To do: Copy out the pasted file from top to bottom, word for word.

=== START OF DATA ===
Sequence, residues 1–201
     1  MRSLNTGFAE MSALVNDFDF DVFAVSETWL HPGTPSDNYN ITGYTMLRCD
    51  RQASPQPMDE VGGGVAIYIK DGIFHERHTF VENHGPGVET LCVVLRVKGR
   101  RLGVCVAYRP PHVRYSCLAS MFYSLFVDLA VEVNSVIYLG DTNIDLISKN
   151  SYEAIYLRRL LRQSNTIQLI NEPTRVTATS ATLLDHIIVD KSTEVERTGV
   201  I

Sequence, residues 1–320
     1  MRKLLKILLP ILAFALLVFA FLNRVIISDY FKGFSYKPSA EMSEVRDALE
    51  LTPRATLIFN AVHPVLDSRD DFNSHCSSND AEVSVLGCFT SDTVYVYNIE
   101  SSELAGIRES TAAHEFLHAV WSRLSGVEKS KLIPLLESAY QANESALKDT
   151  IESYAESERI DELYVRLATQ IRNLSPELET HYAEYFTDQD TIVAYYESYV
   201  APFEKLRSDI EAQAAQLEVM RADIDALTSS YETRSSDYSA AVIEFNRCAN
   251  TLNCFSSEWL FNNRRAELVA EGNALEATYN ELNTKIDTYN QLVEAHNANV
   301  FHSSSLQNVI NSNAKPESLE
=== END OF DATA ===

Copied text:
Sequence, residues 1–201
     1  MRSLNTGFAE MSALVNDFDF DVFAVSETWL HPGTPSDNYN ITGYTMLRCD
    51  RQASPQPMDE VGGGVAIYIK DGIFHERHTF VENHGPGVET LCVVLRVKGR
   101  RLGVCVAYRP PHVRYSCLAS MFYSLFVDLA VEVNSVIYLG DTNIDLISKN
   151  SYEAIYLRRL LRQSNTIQLI NEPTRVTATS ATLLDHIIVD KSTEVERTGV
   201  I

Sequence, residues 1–320
     1  MRKLLKILLP ILAFALLVFA FLNRVIISDY FKGFSYKPSA EMSEVRDALE
    51  LTPRATLIFN AVHPVLDSRD DFNSHCSSND AEVSVLGCFT SDTVYVYNIE
   101  SSELAGIRES TAAHEFLHAV WSRLSGVEKS KLIPLLESAY QANESALKDT
   151  IESYAESERI DELYVRLATQ IRNLSPELET HYAEYFTDQD TIVAYYESYV
   201  APFEKLRSDI EAQAAQLEVM RADIDALTSS YETRSSDYSA AVIEFNRCAN
   251  TLNCFSSEWL FNNRRAELVA EGNALEATYN ELNTKIDTYN QLVEAHNANV
   301  FHSSSLQNVI NSNAKPESLE